Eucalyptus cladocalyx, commonly known as sugar gum, is a species of eucalypt tree found in the Australian state of South Australia. It is found naturally in three distinct populations - in the Flinders Ranges, Eyre Peninsula and on Kangaroo Island.
|Eucalyptus cladocalyx habit|
|E. cladocalyx, field distribution|
Eucalyptus corynocalyx F. Muell. nom. illeg., nom. superfl.
The tree notable for its mottled colourful yellow to orange bark, strongly discolourous leaves and inflorescences grouped on leafless branchlets inside the tree crown. The old bark is smooth and grey, shedding in irregular patches to expose the fresh yellowy-brown bark. Flowers are creamy-white in summer. The capsules are barrel to urn shaped.
Sugar Gums from the Flinders Ranges reach up to 35 metres (115 ft) in height and have the classic "gum" habit - with a straight trunk having a dbh of 1 to 1.5 m (3 ft 3 in to 4 ft 11 in) and steep branches occurring about halfway up. Each main branch ends with its own little canopy. These are commonly cultivated as farm windbreaks and for timber. However, Eyre Peninsula and Kangaroo Island trees are much shorter typically between 8 to 15 m (26 to 49 ft) in height and often have crooked trunks and a dbh of 0.4 m (1 ft 4 in). The crown has an open spreading habit with a typical spread of 12 to 15 m (39 to 49 ft).
The strongly discolorous, glossy adult leaves are arranged alternately supported on a petiole that is 0.9 to 2.7 cm (0.35 to 1.06 in) in length. The leaf blade is darker green on upper side and paler below with slightly falcate to lanceolate shape and a length of 8 to 17 cm (3.1 to 6.7 in) and a width of 1.2 to 3.2 cm (0.47 to 1.26 in) with a base usually tapering to the petiole. The side-veins in the leaf are at an acute or wider angle and densely reticulate. The intramarginal vein is parallel to but removed from margin with small and obscure oil glands.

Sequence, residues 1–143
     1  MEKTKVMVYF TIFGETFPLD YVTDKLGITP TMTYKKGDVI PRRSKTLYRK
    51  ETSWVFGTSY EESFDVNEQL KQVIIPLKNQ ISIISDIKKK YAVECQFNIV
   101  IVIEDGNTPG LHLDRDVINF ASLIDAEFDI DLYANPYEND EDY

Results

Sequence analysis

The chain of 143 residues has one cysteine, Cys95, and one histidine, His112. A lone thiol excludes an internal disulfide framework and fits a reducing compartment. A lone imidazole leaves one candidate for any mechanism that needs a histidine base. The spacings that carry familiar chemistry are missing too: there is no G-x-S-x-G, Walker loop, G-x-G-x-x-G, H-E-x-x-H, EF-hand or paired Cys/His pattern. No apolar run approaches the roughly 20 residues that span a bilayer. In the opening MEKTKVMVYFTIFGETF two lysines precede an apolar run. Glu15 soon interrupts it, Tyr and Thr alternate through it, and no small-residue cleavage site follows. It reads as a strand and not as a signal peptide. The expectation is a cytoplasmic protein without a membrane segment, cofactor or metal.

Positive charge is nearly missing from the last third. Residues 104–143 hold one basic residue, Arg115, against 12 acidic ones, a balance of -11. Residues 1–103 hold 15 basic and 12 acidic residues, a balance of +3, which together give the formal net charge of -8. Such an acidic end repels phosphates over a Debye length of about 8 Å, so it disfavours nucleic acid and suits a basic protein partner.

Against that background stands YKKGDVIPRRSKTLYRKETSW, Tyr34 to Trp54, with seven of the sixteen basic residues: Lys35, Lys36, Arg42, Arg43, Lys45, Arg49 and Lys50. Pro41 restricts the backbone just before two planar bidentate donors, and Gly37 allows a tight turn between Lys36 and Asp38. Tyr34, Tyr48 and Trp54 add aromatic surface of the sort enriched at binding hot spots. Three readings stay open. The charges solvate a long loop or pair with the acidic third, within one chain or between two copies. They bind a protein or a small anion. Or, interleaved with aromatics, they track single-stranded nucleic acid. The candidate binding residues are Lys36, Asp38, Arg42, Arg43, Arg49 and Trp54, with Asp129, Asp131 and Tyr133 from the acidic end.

It flowers in summer producing white-cream-yellow flowers. The axillary unbranched inflorescence occur in groups of buds 7, 9 or 11 buds per umbel. The oblong pale green, yellow to creamy mature buds have a length of 0.8 to 1.1 cm (0.31 to 0.43 in) and a width of 0.4 to 0.5 cm (0.16 to 0.20 in). The buds are often longitudinally striated and scarred with a rounded operculum, inflexed stamens and cuboid to oblong anthers. The urceolate or barrel-shaped longitudinally ribbed fruits that form after flowering are 0.7 to 1.5 cm (0.28 to 0.59 in) in length and 0.5 to 1 cm (0.20 to 0.39 in) wide with a descending disc and three or four enclosed valves. The light grey to brown seeds within the fruit have a flattened-ovoid shape that can be pointed at one end and are 1.5 to 3 mm (0.059 to 0.118 in) long.
The species was first formally described by the botanist Ferdinand von Mueller in 1853 in the journal Linnaea: ein Journal für die Botanik in ihrem ganzen Umfange, oder Beiträge zur Pflanzenkunde.
In 1860, von Mueller referred to Eucalyptus corynocalyx in Fragmenta phytographiae Australiae, citing several earlier publications, including the Linnaea journal article, but all only have a description of E. cladocalyx. Eucalyptus corynocalyx is therefore a nomen illegitimum and a synonym of E. cladocalyx.